17 February 2009

St Bernard of Clairvaux on the Relation of Active and Contemplative in the Spiritual Life

I recently wrote a couple of posts decrying the auntithetical division into contemplative vs active, temporal vs mystical, but in writing them I didn't cite anyone really to support my positions. This morning I began reading an essay by Martin Smith, SSJE, entitled "Contemplation and Action in the pastoral Theology of St Bernard." It is from a lovely collection of essays on St Bernard, called, The Influence of St Bernard, and is published by the Sisters of the Love of God, Fairacres Press.

The point of the essay is to demonstrate how intimately related and dependent upon one another contemplation and action really are in the thought of St Bernard for the development of the capacity to love and live fully, the capacity, that is, to be all that we are called to be. Some of the essay deals with the problem of monastic life vs life in the world (especially with regard to a monk called to be Pope!), but most of it deals with the tricky balancing of active and contemplative dimensions in the monastery itself. What Bernard concludes again and again is that these two realities require each other. They are not really conflicting or antithetical realities, but instead need and come to fulfillment only in relation to one another. Especially, Bernard sees clearly, contemplation finds its completion in pastoral zeal and fervor which then itself leads back to contemplation. Most importantly, Bernard understands that God himself calls to activity as the natural fruit and completion of contemplation and vice versa. He writes:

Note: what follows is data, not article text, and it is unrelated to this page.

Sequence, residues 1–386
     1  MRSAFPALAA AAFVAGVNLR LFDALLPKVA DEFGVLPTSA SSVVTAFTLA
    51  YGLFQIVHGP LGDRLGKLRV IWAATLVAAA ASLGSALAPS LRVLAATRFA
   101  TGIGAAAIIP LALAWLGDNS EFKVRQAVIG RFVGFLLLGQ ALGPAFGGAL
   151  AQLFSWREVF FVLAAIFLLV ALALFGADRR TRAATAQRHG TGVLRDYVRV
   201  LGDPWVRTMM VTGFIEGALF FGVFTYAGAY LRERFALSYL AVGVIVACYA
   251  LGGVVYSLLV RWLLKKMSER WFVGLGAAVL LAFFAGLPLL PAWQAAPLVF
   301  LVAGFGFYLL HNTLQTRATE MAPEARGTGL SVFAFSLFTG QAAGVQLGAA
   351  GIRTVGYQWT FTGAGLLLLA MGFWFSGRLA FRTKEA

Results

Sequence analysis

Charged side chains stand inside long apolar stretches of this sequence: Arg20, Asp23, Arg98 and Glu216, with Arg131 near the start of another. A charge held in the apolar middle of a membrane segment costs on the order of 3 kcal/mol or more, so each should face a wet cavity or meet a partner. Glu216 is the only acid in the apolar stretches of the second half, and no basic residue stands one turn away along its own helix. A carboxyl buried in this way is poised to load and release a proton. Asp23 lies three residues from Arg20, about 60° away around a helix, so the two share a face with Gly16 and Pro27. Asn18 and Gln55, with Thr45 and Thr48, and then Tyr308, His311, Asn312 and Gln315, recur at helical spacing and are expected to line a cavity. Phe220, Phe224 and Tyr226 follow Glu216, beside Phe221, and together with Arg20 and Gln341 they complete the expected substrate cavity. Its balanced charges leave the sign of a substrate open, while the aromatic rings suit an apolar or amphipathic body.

[[ After this Divine look, so full of condescension and goodness, comes a voice sweetly and gently presenting to the mind the Will of God; and this is no other than Love itself. which cannot remain in leisure [contemplative withdrawal], soliciting and persuading to the fulfillment of the things that are of God. Thus the Bride hears that she is to arise and hasten, no doubt to work for the good of souls. This is indeed a property of true and pure contemplation, that it sometimes fills the mind, which it has vehemently inflamed with divine fire, with a fervor and desire to gain for God others to love Him in like manner and to that end willingly lays aside the leisure of contemplation for the labor of preaching. . . . And again, when it has attained the object desired, to a certain extent, it returns with the more eagerness to that contemplation, in that it remembers it laid it aside for the sake of more fruit.]] (Sermon 57 on the Song of Songs)

None of this means there is not tension between the two, nor "psychological suspense and misgiving," as Smith puts the matter. There is. Always. Contemplatives know this, and so too do those involved mainly in apostolic ministry. And yet, just as we cannot ignore either of the two essential forms of relatedness (to God and others) which are foundational for genuine humanity, or the intrinsic relation they bear to one another --- especially in the name of a self-absorbed and selfish 'contemplation,' or a soulless activism that lacks a contemplative underpinning and telos --- neither can we ignore the intrinsic relatedness of contemplation and action. It is the two together which witness to the authenticity of either dimension alone, and it is the two together which make us true contemplatives and mystics.